<p><strong>Rescue workers carefully clean an oil-soaked northern gannet bird at a facility in Fort Jackson, <a id="fg7i" title="Louisiana" href="http://travel.nationalgeographic.com/travel/united-states/louisiana-guide/">Louisiana</a>. Oil from the massive <em>Deepwater Horizon</em> rig spill began reaching the U.S. Gulf Coast on Thursday night, making its first landfall along Louisiana's "bird's foot" delta and barrier marshes. (See <a id="p58e" title="&quot;Oil Spill Hits Gulf Coast Habitats.&quot;" href="http://news.nationalgeographic.com/news/2010/04/100430-energy-oil-spill-hits-gulf-coast/">"Oil Spill Hits Gulf Coast Habitats."</a>)<br></strong><br>Louisiana's coast serves as a winter resting spot for more than 70 percent of the country's waterfowl, and the region is used by more than a hundred tropical migratory birds, said Melanie Driscoll, director of bird conservation for the National Audubon Society's <a id="h3s-" title="Louisiana Coastal Initiative" href="http://louisianacoast.audubon.org/">Louisiana Coastal Initiative</a>. (See <a id="xl1n" title="waterfowl pictures" href="http://animals.nationalgeographic.com/animals/photos/waterfowl-photos/#mandarin-drake_12556_600x450.jpg">waterbird pictures</a>.)<br><br>Officials with the joint federal-industry team responding to the rig accident said that more than 217,000 feet (66,142 meters) of containment booms have been deployed to try to keep the oil slick from reaching the ecologically sensitive area. Wildlife workers are also firing loud cannons to "haze" birds from the water's edge.<br><br><em>—Reporting by Craig Guillot in New Orleans</em></p>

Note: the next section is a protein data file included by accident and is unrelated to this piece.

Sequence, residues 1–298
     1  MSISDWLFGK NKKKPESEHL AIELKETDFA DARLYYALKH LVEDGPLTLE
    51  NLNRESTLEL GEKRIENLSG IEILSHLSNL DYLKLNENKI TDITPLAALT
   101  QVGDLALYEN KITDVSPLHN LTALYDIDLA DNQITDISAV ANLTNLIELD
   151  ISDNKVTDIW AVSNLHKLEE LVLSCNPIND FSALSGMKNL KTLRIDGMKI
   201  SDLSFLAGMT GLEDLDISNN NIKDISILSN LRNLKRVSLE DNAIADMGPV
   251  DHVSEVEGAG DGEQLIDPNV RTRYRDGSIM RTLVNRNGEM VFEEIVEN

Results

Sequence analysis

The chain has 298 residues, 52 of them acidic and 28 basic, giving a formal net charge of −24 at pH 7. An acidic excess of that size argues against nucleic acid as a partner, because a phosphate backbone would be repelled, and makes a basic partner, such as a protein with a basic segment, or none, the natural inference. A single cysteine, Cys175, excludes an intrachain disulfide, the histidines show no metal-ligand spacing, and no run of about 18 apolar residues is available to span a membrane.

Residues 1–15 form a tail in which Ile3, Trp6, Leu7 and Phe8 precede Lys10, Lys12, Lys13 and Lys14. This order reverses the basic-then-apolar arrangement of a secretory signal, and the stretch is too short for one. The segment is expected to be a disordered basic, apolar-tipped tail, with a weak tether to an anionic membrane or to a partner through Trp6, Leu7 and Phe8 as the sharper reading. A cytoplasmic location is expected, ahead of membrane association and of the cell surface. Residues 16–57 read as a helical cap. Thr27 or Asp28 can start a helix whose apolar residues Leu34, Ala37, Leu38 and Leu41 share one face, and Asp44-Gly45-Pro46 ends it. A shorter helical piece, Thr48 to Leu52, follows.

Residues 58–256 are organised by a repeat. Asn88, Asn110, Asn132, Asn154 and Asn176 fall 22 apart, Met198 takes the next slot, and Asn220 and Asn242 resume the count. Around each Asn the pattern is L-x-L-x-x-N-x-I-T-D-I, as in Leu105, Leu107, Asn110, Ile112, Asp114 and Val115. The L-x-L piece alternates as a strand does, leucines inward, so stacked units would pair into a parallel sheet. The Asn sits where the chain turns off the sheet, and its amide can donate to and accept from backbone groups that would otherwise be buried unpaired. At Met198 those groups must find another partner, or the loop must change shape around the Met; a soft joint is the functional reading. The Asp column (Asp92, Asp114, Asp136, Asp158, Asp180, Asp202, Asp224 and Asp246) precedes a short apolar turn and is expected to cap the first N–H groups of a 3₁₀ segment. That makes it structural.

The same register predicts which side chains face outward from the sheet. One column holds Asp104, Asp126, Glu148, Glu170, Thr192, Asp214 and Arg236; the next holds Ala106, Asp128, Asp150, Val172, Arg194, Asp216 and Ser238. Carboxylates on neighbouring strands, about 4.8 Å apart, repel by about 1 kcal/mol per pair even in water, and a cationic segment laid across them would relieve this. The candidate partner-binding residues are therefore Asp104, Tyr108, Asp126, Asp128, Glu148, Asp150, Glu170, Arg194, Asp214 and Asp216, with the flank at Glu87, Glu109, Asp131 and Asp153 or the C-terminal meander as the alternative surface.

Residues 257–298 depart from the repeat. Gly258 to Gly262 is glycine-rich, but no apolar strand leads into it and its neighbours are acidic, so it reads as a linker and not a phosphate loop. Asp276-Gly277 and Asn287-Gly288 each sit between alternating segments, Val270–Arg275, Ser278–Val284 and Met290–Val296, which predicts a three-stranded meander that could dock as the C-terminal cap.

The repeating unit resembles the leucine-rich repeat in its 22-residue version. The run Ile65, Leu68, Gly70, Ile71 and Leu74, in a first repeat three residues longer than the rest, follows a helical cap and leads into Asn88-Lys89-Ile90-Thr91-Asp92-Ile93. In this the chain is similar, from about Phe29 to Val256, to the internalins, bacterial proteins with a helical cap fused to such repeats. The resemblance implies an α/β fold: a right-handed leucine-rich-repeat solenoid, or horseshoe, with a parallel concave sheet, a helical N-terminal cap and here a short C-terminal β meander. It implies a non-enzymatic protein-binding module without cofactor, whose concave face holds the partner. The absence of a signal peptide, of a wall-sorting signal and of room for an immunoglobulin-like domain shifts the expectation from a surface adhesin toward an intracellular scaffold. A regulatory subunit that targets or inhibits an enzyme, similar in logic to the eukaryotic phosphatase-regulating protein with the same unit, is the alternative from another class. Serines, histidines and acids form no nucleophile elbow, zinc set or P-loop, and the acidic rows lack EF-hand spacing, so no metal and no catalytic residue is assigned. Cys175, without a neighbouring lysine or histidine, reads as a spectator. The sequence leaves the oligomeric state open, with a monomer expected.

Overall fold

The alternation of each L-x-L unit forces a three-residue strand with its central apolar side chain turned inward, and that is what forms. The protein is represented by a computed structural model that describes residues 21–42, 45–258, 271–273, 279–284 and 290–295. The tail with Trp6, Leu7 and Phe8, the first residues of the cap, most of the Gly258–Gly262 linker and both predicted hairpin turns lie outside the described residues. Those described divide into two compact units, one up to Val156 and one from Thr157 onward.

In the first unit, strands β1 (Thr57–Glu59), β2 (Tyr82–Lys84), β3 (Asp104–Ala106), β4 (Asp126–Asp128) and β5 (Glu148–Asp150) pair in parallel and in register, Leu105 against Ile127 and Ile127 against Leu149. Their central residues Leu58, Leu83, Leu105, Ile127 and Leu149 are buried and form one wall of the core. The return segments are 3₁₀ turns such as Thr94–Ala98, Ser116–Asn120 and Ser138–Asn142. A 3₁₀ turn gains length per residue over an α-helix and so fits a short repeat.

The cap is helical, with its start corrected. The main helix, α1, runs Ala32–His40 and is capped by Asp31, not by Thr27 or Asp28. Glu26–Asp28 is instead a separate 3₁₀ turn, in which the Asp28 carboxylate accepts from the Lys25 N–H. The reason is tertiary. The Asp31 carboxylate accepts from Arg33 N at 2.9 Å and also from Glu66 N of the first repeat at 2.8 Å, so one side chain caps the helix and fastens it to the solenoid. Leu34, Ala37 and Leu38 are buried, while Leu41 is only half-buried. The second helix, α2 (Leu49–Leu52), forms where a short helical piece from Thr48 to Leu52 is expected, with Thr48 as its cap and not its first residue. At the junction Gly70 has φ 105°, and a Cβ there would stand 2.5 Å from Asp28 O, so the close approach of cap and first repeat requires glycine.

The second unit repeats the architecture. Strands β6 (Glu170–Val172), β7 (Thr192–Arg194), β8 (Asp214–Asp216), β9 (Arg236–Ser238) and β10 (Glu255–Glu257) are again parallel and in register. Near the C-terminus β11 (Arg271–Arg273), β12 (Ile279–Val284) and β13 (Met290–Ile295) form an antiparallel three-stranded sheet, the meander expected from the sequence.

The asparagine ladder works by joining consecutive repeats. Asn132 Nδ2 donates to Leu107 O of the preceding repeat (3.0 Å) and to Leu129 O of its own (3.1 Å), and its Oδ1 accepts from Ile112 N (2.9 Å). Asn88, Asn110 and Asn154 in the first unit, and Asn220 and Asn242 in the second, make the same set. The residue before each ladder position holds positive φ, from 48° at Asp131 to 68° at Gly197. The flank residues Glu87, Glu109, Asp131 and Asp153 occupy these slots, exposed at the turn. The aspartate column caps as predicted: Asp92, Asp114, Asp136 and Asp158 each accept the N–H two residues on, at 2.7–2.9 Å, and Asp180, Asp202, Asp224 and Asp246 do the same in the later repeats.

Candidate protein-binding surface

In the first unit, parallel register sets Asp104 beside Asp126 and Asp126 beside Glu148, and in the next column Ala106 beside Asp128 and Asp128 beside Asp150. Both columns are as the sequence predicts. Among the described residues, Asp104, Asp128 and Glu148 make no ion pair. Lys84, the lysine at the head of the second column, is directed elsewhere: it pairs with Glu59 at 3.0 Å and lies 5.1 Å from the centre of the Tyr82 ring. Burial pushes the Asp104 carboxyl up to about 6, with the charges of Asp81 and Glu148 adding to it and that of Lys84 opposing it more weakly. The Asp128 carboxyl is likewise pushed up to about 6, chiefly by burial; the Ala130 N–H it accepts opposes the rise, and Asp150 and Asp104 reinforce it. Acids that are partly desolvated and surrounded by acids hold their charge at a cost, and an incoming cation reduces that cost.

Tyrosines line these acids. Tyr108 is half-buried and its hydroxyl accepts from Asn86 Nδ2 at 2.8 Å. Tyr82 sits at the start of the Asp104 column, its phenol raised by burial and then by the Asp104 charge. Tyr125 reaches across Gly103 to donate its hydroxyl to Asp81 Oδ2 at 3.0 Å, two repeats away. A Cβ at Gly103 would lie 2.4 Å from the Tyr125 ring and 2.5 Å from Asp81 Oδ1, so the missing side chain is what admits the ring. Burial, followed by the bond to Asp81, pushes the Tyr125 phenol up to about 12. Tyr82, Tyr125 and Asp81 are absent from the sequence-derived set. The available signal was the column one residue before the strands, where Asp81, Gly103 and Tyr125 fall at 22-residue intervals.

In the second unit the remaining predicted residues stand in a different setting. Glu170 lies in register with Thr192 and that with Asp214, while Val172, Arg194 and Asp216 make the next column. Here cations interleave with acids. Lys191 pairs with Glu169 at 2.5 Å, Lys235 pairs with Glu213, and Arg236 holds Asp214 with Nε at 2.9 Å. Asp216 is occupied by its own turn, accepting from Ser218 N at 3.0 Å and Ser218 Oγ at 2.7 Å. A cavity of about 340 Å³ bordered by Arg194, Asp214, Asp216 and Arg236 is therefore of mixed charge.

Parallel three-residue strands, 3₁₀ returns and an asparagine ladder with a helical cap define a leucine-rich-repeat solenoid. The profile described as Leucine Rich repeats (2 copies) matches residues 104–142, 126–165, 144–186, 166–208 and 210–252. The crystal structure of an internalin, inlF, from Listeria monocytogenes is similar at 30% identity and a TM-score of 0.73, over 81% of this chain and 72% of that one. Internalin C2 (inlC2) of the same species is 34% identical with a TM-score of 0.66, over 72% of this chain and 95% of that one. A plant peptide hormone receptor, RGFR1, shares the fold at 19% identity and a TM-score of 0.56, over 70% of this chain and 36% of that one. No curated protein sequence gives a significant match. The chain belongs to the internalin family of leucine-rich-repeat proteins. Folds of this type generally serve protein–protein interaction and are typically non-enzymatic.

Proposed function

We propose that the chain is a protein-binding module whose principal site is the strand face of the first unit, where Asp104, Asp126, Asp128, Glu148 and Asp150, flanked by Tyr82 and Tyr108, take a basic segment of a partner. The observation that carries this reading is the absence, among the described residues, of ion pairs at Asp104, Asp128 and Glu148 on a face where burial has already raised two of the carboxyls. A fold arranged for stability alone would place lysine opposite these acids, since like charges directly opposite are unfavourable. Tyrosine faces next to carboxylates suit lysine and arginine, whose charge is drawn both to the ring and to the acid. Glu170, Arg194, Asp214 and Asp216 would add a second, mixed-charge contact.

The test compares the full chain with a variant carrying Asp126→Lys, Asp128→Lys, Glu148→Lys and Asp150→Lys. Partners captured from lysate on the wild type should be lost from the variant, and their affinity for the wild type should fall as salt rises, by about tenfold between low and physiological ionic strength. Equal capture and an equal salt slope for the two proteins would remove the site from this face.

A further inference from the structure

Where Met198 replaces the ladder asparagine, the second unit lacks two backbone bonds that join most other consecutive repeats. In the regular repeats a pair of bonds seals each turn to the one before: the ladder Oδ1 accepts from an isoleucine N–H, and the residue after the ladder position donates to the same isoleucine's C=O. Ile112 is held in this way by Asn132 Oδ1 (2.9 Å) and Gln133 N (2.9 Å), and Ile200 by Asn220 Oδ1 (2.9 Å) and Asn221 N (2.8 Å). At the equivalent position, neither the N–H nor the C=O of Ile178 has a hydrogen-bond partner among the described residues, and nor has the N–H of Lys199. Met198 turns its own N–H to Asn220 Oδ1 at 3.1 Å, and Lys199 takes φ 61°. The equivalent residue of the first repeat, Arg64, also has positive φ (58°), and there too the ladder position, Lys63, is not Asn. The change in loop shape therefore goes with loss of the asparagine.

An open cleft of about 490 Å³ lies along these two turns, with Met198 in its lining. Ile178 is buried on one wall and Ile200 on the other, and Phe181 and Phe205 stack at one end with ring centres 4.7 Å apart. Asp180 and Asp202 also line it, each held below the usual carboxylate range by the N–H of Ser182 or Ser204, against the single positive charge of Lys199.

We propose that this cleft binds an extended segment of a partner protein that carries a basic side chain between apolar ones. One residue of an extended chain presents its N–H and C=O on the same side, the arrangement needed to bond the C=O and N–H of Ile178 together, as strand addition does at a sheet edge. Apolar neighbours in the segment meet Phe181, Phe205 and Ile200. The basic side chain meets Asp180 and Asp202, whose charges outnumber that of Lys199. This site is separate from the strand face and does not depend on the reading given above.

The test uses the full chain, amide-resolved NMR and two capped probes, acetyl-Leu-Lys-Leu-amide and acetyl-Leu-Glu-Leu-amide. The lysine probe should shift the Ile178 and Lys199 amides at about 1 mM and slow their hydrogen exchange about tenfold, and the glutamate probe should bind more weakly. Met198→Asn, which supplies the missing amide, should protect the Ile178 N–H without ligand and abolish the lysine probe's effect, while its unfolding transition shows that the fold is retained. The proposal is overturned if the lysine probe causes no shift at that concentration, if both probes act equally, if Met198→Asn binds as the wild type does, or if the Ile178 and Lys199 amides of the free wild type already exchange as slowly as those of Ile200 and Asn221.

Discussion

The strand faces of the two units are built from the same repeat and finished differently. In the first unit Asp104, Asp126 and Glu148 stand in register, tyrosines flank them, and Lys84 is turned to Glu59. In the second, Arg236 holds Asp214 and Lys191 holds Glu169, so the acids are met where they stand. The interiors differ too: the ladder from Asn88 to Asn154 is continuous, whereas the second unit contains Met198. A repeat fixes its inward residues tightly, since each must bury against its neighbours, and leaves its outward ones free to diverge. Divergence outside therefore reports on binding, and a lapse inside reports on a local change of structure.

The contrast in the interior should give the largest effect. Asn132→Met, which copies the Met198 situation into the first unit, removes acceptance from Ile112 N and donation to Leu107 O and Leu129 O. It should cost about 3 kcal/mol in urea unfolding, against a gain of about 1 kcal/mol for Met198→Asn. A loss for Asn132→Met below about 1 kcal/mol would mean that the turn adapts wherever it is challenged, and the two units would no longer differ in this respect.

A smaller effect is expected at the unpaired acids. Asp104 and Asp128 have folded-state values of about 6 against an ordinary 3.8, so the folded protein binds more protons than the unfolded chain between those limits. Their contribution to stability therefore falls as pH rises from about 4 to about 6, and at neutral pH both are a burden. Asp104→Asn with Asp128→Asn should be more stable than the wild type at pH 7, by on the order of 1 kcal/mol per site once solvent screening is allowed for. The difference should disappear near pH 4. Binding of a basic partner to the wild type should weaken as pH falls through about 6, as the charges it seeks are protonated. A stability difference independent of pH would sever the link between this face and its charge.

Bird Doused in Gulf Oil

Rescue workers carefully clean an oil-soaked northern gannet bird at a facility in Fort Jackson, Louisiana. Oil from the massive Deepwater Horizon rig spill began reaching the U.S. Gulf Coast on Thursday night, making its first landfall along Louisiana's "bird's foot" delta and barrier marshes. (See "Oil Spill Hits Gulf Coast Habitats.")

Louisiana's coast serves as a winter resting spot for more than 70 percent of the country's waterfowl, and the region is used by more than a hundred tropical migratory birds, said Melanie Driscoll, director of bird conservation for the National Audubon Society's Louisiana Coastal Initiative. (See waterbird pictures.)

Officials with the joint federal-industry team responding to the rig accident said that more than 217,000 feet (66,142 meters) of containment booms have been deployed to try to keep the oil slick from reaching the ecologically sensitive area. Wildlife workers are also firing loud cannons to "haze" birds from the water's edge.

—Reporting by Craig Guillot in New Orleans

Photograph by Alex Brandon, AP

Pictures: Gulf Oil Spill Hits Land—And Wildlife

The first birds covered in oil have been found after the massive spill in the Gulf of Mexico reached land along the Louisiana coast.

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